Four Vitamins and Minerals for a Good Night’s Sleep

Our whole lives, we have been told by parents, doctors, teachers, the media, and even our government that it is very important to incorporate foods into our diets that are rich in vitamins and minerals. Vitamins and minerals support our bodies’ functions by increasing the efficiency of our bodies’ systems. Sleep is one of our most important functions because it allows us to rest, renew, and detoxify during the night. A good, deep rest also supports cell regeneration.

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Some vitamins and minerals that support sleep are Vitamin D, magnesium, Vitamin B6, and potassium.

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Vitamin D deficiency has been shown to cause daytime sleepiness. As our modern lives get busier, we are getting outside less than previous generations. Less time outside means we are getting less exposure to the sun, and therefore, not producing enough Vitamin D.

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You can easily and naturally increase your Vitamin D by spending a bit more time outside, though it takes 2-3 months of regular sun exposure to build up the Vitamin D your body needs. Other options include adding fortified cereal or milk to your diet or taking a Vitamin D supplement.

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Magnesium and Vitamin B6 are important minerals our bodies need for a good night’s rest. Both nutrients are imperative to the production of melatonin, a hormone produced by our bodies to help us feel sleepy. Magnesium deficiency can lead to insomnia. Foods rich in magnesium include dark leafy greens, beans and various nuts, seeds, and whole grains. Salmon, halibut, and tuna are good sources of Vitamin B6.

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Potassium has been shown to help people stay asleep and have a deeper, more restful sleep. Though we think of bananas as a potassium-rich option, winter squash, sweet potatoes, potatoes, and yogurt provide more potassium per serving.

Making sure you are getting enough of these four vitamins and minerals will help you fall asleep faster and sleep better and longer.

Check out the following articles for more information on the benefits of adding these vitamins and minerals to your daily diet.

http://www.ncbi.nlm.nih.gov/pmc/articles/PMC3501666/

http://www.telegraph.co.uk/news/health/10686624/Vitamin-D-could-it-stop-modern-diseases.html

http://www.newswise.com/articles/scientists-identify-second-sleep-gene

What Happens to Your Body When It’s Deprived of Sleep?

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We all know how it feels to have a restless night. You feel irritable, dizzy, and unfocused throughout the next day. But when you are chronically sleep deprived, it can be seriously detrimental to your health. It can affect your body in many ways and in several different places.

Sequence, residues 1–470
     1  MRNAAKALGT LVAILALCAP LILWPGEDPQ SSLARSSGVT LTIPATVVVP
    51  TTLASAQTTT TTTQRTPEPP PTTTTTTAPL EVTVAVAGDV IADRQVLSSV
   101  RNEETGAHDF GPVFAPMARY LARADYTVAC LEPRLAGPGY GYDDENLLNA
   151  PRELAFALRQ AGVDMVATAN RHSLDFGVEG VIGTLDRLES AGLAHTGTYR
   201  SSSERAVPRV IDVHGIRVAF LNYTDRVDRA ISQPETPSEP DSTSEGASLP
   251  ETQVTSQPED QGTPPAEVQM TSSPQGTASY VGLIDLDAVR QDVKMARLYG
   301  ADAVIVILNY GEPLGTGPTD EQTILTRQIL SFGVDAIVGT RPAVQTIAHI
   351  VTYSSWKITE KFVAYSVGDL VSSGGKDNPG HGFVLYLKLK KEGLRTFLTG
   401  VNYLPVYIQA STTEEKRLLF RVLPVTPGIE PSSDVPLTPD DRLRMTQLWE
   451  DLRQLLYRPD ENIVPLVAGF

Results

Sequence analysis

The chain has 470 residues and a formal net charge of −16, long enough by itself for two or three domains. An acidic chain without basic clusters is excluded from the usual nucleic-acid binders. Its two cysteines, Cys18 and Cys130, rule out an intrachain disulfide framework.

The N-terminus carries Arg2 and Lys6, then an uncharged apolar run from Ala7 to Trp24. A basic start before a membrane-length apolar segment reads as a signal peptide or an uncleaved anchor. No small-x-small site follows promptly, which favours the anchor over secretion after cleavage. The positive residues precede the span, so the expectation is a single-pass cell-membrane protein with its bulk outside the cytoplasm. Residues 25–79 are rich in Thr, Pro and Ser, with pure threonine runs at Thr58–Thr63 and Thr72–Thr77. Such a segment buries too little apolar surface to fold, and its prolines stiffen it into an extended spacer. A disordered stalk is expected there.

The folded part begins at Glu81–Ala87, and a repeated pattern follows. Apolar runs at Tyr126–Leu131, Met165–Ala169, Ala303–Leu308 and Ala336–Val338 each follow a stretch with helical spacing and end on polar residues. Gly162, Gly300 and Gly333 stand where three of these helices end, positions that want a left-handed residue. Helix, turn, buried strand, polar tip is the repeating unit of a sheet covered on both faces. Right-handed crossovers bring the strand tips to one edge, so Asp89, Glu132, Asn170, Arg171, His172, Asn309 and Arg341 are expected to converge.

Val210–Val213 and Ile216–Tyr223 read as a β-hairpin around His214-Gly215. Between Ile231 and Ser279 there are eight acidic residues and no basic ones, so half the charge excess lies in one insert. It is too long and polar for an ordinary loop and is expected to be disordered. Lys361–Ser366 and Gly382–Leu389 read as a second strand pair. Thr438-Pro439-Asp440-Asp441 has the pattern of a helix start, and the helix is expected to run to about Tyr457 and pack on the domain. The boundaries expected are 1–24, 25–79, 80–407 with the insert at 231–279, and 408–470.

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Body Fat– People who get only a few hours of sleep per night tend to have more body fat than those who get a full night’s rest. The lack of sleep/energy is compensated for the following day by consuming extra calories.

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Stomach– Lack of sleep leads to a lower production of leptin, a hormone that regulates hunger and the storage of fat.

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Motor Skills– After being awake for an extended period of time, you will notice a loss of precision in your motor skills. There is a delayed reaction from your brain in signaling a physical response.

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Blood Pressure– Someone who sleeps very little on a regular basis will have much higher blood pressure than if they slept more. This is due to increased amounts of cortisol, a hormone that is released in response to stress.

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Pancreas– People who are regularly deprived of sleep are twice as likely to develop diabetes, regardless of age or fitness level. The regulation of other hormone production is disrupted as well.

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Heart– Cardiovascular issues tend to develop in a large portion of people who have chronic sleep problems. The issues can range from weak or abnormal heartbeats to clogged arteries, or even cardiac arrest.

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Brain– In a period of just a few days, you can damage and kill brain cells by not getting enough sleep at night. Without precious sleep, your brain cannot rid itself of proteins that cause plaque build-up. Over time, this plaque can cause dementia and Alzheimer’s disease.

To learn more about the physical effects of sleep deprivation, check out this article by Arianne Cohen, called 7 Physical Effects of Sleep Deprivation, from the Psyche section of Details.

 

 

Take Sleep Seriously!

Meet Russell Foster, a circadian neuroscientist who studies sleep patterns in the brain. In the following video, he speaks about a range of topics relating to the importance of sleep.

He first describes three theories on the main function of sleep, as well as which theory he subscribes to. He then discusses what happens to a person (and the person’s brain) when sleep is lacking, as well as ideas about how to improve sleep quality and duration. Foster debunks some common myths and misconceptions about sleep, then speaks about the correlation between mental health and sleep disruption. He urges people to take sleep more seriously and realize the huge role that it plays in making us happy and healthy.

Watch to learn more: